Why More Teachers Need to Become Presenters

This summer I had an opportunity to present at two conferences. I’ve presented in school and in district before but this would be the first time I presented to a wider ranging, less familiar, audience. I should have been doing this years ago and so should many other teachers I know.


I delivered a presentation on Google Expeditions with Primary Grade Students at both the New Hampshire and Southern Maine Google Summits. I’ve done training sessions for my staff on many tech topics and I really love showing teachers how a tool, app, or approach can enhance what they are teaching. I have also loved teaching my upper elementary students the ins and outs of their G Suite accounts. I quickly realized that this was going to be something very different. I was sharing my experiences and teaching practices in the hopes that I could inspire others to try something new in their classrooms. I didn’t realize the distinction before hand but it soon became apparent that this type of connection takes a different approach and focus than providing training on a tool. I know how to break a tool down into steps – I do that all the time. I know how to gather information to determine the best tool for the job – as a librarian it’s a core activity. But now I had to find a way to package all of that up, add in just the right balance of anecdote and information, and offer it up in a way that others could consider it, iterate it, enhance it and make the idea grow.


My presentation went through many stages and I tried many paths before choosing my direction. Sometimes I was lost for hours down rabbit holes that I would later fill with cement – spending enormous energy on just the right color scheme, designing graphics, and contemplating the best order of ideas for continuity and flow. When I try this again, with a new topic, I hope that I will take away some learning that allows me to skip a few of those steps next time. But, I also was forced to acknowledge my own learning process and sometimes that involves a lot of extra exploration before I get to my destination. The end result was a lot of learning on both personal and professional levels.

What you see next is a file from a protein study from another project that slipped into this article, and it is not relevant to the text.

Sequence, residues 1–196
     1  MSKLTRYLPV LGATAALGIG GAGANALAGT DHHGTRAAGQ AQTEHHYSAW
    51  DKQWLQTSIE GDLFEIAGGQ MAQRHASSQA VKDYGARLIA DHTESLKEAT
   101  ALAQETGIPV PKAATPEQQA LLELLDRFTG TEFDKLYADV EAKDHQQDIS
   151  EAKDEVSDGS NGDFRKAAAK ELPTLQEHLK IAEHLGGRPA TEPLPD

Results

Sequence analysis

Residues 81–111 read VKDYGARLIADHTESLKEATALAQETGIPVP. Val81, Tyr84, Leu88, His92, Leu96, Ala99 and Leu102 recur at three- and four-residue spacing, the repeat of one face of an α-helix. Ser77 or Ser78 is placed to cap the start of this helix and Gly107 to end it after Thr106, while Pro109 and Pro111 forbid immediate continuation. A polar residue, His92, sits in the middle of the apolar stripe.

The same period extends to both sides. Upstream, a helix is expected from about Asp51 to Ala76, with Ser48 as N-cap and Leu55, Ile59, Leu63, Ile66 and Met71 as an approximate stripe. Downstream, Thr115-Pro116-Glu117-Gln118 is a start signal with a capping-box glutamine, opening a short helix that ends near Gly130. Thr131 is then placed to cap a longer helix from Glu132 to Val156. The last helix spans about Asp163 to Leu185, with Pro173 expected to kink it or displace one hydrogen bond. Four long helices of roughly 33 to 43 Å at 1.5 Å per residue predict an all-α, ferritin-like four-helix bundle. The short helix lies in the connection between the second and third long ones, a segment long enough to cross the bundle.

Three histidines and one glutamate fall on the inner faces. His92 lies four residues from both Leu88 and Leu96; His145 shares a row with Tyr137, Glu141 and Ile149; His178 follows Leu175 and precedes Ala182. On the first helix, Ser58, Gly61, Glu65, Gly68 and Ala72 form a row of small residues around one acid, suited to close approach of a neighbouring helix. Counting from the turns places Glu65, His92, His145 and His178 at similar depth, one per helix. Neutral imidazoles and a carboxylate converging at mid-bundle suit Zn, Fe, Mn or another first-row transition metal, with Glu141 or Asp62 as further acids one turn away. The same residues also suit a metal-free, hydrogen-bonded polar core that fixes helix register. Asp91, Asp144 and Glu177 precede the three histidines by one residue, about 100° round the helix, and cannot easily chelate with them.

Really, in a way, all teachers are presenters. We do it every day with our students so why then don’t more of us apply the same thing for our colleagues near and far. I imagine most of us go through what I did – Impostor Syndrome. It’s that internal voice that says, “Wow, what I’m doing couldn’t be nearly as interesting as this person or that person. Surely I’m not as good as they are.” What would you say to the student in your class who offered that argument? You’d tell them they need to try it, work at it, build the skills. We won’t all be the best at everything we try but most of us can be pretty terrific. So, it’s time to practice what we preach. We all have amazing things to share and there are always new educators to share with.


I think in the end I was most excited by how this process is affecting my approach to daily teaching. The time I spent really looking at how I could present my topic actually led me far deeper into contemplating my teaching practice than I would have guessed. I was forced to really think about documentation of my practice – if I spend hours learning how to do something, I can save myself or someone else some time with a detailed write up of my process and end result. I also found myself looking at activities through a stronger lens, questioning if I was really meeting all of the goals I had set out at the start of a lesson or activity. Was I trying to do too much at once? Was I giving time for reflection and questions? I found myself thinking of so many elements I could add the next time I covered the topics with my students. All of this gave me a different experience at the Summits as well. I didn’t focus on collecting as many ideas as possible, perhaps because so much of my brain was already occupied. Instead I was able to enjoy the experience, focus on conversations with other presenters and attendees, and look at it as more of a chance to build my professional learning network than a chance to file my idea box. In the end, it was one of the most valuable professional development experiences I’ve had in a while. 

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